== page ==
The kNN algorithm is one of the most simple machine learning algorithms. Learning, in this case, is only a nice sounding label, in reality kNN is more of a classification algorithm.

This is how it woks:

The scatter chart above is a visualisation of a two dimensional kNN data set. For this article I used a classical indicators of technical analysis to do the prediction: a long-term and a short-term RSI indicator. The dots on the two dimensional scatter chart represent the historic RSI values at a given point of time.

Now have a look at the fat circled point. This point represents today’s value. It means, that today’s RSI1 has a value of 63, and RSI2 got a value of 70.

Additionally to the position on the chart the dots have got colours. A green dot means that the market moved up on the following day, a red dot shows a falling market on the day after.

We already know what has happened in history, so it is easy to colour the historic dots. But we do not know the colour of today’s dot, as it is not known where tomorrow’s market will end.

Based on the chart above, will it be a red or green dot? Will tomorrow be up or down?  Should I go long or should I go short?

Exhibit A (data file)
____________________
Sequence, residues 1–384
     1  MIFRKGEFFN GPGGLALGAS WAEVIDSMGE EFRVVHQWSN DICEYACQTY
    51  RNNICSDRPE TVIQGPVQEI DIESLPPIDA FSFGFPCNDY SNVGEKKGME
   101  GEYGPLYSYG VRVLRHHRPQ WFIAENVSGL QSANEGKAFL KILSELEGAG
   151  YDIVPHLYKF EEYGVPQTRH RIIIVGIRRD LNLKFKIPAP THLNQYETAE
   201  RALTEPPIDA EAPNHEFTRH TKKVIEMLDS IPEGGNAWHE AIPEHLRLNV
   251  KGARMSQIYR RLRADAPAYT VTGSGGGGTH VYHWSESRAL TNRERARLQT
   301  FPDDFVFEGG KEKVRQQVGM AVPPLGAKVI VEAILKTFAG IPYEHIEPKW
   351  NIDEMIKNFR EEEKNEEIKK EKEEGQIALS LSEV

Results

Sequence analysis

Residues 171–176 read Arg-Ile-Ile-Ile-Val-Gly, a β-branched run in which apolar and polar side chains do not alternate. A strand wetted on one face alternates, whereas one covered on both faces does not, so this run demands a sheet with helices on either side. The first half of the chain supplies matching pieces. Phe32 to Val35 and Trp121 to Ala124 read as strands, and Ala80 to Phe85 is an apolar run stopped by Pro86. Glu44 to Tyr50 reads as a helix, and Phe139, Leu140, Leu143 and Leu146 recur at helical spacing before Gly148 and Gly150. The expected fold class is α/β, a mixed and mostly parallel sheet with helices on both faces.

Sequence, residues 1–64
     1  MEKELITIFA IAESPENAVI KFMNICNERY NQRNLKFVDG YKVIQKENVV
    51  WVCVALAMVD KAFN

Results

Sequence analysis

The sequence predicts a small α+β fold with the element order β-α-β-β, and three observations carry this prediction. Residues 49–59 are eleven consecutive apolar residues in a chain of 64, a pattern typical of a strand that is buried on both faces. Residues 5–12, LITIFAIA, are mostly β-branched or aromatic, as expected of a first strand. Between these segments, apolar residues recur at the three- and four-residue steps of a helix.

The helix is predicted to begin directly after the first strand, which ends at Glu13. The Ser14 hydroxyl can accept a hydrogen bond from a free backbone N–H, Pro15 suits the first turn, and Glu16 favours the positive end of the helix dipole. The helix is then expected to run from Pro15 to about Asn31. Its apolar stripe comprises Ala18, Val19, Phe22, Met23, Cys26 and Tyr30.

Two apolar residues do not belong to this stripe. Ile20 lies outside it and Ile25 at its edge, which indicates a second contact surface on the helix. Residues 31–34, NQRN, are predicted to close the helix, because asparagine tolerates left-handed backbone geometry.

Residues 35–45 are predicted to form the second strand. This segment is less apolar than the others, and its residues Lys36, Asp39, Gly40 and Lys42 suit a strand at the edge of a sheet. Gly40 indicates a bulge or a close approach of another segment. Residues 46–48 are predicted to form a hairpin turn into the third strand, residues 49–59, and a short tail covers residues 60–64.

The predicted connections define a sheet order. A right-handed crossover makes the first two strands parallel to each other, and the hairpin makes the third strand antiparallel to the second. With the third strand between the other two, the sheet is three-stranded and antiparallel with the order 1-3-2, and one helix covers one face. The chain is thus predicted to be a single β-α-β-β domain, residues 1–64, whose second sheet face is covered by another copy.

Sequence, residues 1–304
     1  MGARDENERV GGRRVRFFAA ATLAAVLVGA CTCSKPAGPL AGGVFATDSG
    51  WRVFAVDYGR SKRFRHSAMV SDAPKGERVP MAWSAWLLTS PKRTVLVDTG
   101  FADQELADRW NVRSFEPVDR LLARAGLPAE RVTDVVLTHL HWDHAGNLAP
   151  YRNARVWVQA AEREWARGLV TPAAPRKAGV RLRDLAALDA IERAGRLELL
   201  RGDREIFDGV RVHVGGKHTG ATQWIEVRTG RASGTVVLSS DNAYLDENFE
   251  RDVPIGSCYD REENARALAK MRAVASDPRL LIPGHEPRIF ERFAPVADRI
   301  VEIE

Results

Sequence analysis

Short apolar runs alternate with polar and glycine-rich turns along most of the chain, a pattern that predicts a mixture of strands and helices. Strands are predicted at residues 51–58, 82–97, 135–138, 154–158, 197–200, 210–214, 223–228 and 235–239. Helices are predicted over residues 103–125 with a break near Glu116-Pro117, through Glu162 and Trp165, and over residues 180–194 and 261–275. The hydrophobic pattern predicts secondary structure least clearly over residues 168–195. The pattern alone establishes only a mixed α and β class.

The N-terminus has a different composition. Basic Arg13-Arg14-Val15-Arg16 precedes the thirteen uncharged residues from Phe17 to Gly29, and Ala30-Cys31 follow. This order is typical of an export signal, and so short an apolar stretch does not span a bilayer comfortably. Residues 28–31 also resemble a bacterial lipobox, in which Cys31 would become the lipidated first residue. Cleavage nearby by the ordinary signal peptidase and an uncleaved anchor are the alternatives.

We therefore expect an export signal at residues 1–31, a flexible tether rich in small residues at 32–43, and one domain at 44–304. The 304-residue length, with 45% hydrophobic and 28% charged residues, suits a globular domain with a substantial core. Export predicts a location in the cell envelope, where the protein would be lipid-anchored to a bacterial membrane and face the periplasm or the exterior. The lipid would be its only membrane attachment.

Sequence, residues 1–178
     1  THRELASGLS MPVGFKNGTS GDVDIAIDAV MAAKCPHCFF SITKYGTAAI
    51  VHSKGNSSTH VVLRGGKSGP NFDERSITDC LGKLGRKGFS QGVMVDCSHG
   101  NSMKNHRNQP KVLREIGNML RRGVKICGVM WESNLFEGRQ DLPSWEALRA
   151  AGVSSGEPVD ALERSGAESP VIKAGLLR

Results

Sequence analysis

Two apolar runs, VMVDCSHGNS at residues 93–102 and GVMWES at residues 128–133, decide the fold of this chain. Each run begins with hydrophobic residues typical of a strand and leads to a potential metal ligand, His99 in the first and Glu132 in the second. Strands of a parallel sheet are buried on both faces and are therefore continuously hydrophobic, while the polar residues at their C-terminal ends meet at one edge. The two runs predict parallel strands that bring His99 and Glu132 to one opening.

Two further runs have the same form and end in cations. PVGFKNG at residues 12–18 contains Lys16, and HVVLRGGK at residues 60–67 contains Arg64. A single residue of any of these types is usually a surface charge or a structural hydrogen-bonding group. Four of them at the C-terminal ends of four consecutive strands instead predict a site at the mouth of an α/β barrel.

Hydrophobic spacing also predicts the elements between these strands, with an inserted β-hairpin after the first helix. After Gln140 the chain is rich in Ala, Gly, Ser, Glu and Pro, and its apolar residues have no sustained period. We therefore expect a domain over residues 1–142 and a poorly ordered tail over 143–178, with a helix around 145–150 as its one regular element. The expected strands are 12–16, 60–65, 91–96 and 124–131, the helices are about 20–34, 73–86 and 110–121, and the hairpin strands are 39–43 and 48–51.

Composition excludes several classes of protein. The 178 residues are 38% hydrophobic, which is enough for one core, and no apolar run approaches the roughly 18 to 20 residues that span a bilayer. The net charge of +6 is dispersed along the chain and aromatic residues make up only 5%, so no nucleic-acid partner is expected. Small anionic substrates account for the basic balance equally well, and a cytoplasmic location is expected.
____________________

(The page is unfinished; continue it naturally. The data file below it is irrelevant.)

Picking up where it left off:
kNN – k nearest neighbours

To do a prediction of tomorrow’s market move, the kNN algorithm uses the historic data shown on the scatter plot above and finds the k-nearest neighbours of today’s RSI values. As you can see, our current fat point is surrounded by red dots. This means, that every time the two RSI values have been in this area, the market fell on the day after. That’s why today’s data point is classified as red. Wish it would be that easy all the times…

Call it classification or prediction, the two dimensional kNN algorithm just has a look on what has happened in the past when the two indicators had a similar level. It then looks at the k nearest neighbours, sees their state and thus classifies today point.

In this article I would like to show you an implementation with the Tradesignal programming language Equilla.

To implement the algorithm in Tradesignal we first have to do the shown scatter plot. The algorithm stores the values in an array.

8/9 calculates the value of the fast and slow RSI indicators

12/13 looks what will happen on the day after (for the training data set)

16/17/18 stores everything in an array.

The next task to complete is to calculate the distances of today’s RSI point to all the historic points in the training data set.

23/27 calculates the euclidean distance of today’s point to all historic points, line 29 then creates a sorted list of all these distances to find the k nearest historic data points in the training data set.

Nearly done. The next step is just to find out what classification (colour) the nearest points have got and use this information to create a prediction for tomorrow. This is done in lines 33 to 35

Have a look at the scatter chart at the beginning. If this would be the data stored in our training data set, the prediction, using the 5 nearest neighbours, would be -5. All the 5 nearest neighbours of our current data point are red.